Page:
Tune in to Terror | Horror Audiobook Stars

Even devoted horror fans may want to listen with the lights on to these tales of haunted houses, cursed media, and severed limbs.  

Hand, Elizabeth. A Haunting on the Hill. Hachette Audio. Oct. 2023. 1019p. ISBN 9781668632536. Audio. $27.99. HORROR

In Hand’s (Hokuloa Road) hair-raising tribute to Shirley Jackson’s The Haunting of Hill House, vacationing NYC playwright Holly Sherwin discovers an old upstate New York mansion for rent and thinks it an ideal setting to put the final touches on her new play about Elizabeth Sawyer, a London woman hanged in 1621 for being a witch. With Holly is her songwriter girlfriend, Nisa Macari, who is adapting traditional murder ballads for the play; their friend Stevie, an actor and sound producer; and Amanda Greer, a successful but fading actress. Their initial readings of the play are thrilling, in a good way. But the knife-wielding neighbor, spooky voices, mysterious cold spots, and bloodstains—not so much. As if listeners won’t be creeped out enough by the story, delivered with a growing menace that narrator Carol Monda evokes with her low, throaty voice, subtle sound effects were worked into the production so listeners hear creaks, footsteps, and scratching along with the terrified characters. VERDICT Hand’s reworking of the Hill House legend is brilliant on its own, but sinister sound effects and Monda’s spine-tingling narration (which includes show-stopping renditions of the spooky murder ballads) make this an absolute must-have for horror collections.—Beth Farrell

Leeds, Scott. Schrader’s Chord. Books on Tape. Sept. 2023. 12:31 hrs. ISBN 9780593795774. $95. HORROR

Leeds’s strong debut evokes the best of Stephen King, backed by a soundtrack with a grungy guitar beat. Talent scout Charlie Remick has found some of the hottest musical acts, but his life is put on hold when his estranged father dies by suicide. When he returns home to Seattle, he discovers his father found four cursed records that have the power to open a gateway to the land of the dead. After Charlie, his sister, and their two friends play the records, the clock starts ticking. These four, along with Charlie’s resurrected father, must somehow close the door before Ivan Schrader, the records’ creator, silences them all forever. Leeds deftly displays his knowledge about music and his skill in writing gory deaths, including descriptions of the resurrected dead who still wear the body trauma that killed them. Far from being gratuitous, the violence is interwoven with layers of story and character development that will have listeners invested in the characters’ plight. Narrator George Newbern’s vocal talents keep the characters distinct, creating sympathetic individuals who oscillate from funny to frightened. VERDICT Music and horror fans who like their ghost stories gooey and their music loud should give this story a spin.—James Gardner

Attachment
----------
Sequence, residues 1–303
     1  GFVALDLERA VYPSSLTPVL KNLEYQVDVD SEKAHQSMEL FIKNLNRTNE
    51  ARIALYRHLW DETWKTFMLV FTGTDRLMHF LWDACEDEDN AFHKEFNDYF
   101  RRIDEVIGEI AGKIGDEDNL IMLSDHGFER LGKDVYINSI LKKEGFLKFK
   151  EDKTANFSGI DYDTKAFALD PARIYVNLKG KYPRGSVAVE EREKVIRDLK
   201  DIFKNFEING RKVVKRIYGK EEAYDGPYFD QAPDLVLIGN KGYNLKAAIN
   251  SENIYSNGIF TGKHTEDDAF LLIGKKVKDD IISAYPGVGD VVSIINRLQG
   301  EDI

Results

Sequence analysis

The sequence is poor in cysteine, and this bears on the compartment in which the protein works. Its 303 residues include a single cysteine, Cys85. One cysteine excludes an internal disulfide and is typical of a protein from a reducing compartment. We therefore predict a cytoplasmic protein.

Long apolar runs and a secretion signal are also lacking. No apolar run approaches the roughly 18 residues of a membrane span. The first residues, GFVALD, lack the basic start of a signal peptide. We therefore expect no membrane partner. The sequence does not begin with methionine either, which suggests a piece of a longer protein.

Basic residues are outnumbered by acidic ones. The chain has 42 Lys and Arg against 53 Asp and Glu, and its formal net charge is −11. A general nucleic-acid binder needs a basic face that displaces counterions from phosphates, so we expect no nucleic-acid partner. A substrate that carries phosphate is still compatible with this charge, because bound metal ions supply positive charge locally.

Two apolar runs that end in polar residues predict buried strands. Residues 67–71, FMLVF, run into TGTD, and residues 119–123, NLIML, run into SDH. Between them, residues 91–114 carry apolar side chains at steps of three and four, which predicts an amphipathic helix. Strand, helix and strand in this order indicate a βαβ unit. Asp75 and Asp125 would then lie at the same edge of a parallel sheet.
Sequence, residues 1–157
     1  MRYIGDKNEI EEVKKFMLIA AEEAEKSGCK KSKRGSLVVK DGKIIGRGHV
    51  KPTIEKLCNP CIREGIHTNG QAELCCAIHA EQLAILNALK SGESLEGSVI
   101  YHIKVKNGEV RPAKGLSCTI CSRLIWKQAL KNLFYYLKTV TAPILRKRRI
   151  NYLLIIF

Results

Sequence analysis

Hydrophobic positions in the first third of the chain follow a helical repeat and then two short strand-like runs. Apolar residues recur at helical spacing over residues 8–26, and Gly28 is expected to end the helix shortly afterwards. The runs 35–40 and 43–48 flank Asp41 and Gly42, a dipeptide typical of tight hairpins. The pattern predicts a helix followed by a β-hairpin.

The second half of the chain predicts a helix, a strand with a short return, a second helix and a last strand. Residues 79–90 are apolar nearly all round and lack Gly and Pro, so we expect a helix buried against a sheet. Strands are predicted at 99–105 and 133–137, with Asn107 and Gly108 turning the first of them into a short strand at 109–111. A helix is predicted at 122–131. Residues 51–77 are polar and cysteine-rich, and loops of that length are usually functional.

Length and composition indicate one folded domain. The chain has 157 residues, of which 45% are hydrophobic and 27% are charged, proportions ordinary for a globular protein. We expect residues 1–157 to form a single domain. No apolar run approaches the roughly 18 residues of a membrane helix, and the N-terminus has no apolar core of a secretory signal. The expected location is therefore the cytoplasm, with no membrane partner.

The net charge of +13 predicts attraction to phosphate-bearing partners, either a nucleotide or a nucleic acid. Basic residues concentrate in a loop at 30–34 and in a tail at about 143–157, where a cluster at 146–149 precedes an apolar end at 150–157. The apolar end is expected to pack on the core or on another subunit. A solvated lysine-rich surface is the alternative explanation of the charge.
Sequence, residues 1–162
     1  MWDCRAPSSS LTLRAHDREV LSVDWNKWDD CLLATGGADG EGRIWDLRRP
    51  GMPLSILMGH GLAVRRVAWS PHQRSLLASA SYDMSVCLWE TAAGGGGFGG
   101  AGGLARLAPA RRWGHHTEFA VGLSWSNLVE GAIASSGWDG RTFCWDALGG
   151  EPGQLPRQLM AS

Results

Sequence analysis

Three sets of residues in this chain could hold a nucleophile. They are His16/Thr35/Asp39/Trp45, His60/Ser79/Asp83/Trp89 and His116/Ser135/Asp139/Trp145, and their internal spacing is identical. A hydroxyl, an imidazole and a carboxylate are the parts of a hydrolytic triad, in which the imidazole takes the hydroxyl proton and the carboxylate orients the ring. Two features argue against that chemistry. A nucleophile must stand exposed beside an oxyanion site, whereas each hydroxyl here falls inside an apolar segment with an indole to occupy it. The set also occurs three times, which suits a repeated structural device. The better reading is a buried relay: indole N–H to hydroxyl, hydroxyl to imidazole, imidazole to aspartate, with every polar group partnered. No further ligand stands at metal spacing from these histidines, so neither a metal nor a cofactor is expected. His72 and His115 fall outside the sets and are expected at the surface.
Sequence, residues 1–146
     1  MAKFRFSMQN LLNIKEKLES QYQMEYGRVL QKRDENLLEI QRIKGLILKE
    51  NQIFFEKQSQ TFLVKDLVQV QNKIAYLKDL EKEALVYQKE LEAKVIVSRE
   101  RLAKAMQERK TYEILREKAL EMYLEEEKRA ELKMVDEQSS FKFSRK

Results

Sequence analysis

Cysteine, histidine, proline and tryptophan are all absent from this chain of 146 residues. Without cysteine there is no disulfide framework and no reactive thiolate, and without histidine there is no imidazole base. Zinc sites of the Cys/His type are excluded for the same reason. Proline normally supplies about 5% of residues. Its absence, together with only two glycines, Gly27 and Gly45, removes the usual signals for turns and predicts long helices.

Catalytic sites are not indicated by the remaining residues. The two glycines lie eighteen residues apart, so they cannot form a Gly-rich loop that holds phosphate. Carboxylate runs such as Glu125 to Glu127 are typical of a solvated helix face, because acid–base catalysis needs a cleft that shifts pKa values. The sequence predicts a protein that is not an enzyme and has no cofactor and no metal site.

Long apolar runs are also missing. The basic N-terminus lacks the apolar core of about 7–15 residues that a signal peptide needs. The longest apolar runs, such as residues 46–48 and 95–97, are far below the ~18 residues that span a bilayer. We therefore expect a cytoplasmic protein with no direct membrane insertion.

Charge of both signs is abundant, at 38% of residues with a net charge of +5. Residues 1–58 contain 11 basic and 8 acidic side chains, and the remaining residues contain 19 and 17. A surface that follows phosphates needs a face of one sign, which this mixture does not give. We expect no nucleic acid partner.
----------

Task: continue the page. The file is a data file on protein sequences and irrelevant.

Orlando, Carissa. The September House. Books on Tape. Sept. 2023. 1332p. ISBN 9780593747308. Audio. $95. HORROR

Orlando’s masterful debut follows Margaret and her husband, Hal, who discover their dream house is haunted—but only in September. The month is full of gory, ghostly manifestations, but Margaret and Hal soothe themselves by remembering that there are 11 normal months after that. Margaret approaches life with determined practicality and a quirky inner voice that immediately charms. Kimberly Farr embodies that voice to perfection. Her depiction of Margaret epitomizes the unflappable American mother found in many a sitcom, perfectly balancing her against the story’s gruesome autumnal backdrop. Farr follows Orlando’s layered story, believably depicting each new development as the story moves from horror to tragedy to triumph. Although the book lures listeners in with humor, it soon becomes a moving exploration of the hidden costs of resilience and survival. As the novel nears its end, listeners may find themselves poking at the tender parts of their own lives. They will also likely spend that final half hour barricading the door against intrusions as they are caught up in the marvelous finale. VERDICT This perfect synergy of author and narrator will have broad appeal. For fans of Rachel Harrison and Grady Hendrix and anyone seeking a unique haunted house story.—Matthew Galloway

Rosson, Keith. Fever House. Books on Tape. Aug. 2023. 13:46 hrs. ISBN 9780593790175. $95. HORROR

Rosson’s (The Mercy of the Tide) latest supernatural thriller features criminals, government agents, and broken people trying to survive the apocalypse. It begins with a severed hand found in a freezer. The hand has a seductive and terrible power, and it has crossed paths with several people, including a loan collector/leg breaker, an agoraphobic rockstar, and members of a government agency who were supposed to be guarding the hand. But now the hand is free to corrupt the city of Portland before it summons an even greater evil. At first, this novel feels like a mashup of John Wick and Harry Dresden with less martial arts, but Rosson ratchets up the tension until listeners may feel that the cursed hand is wrapped around their own throats. Narrator Xe Sands’s characters do sound similar, which is understandable, as she voices a large ensemble cast. Even so, listeners will appreciate how her voice gradually transforms from weary cynicism to choked horror as the world unravels. VERDICT Rosson’s dialogue and characters may attract fans of noir-adjacent fiction, but it’s the true horror fans who will love riding out this apocalypse.—James Gardner

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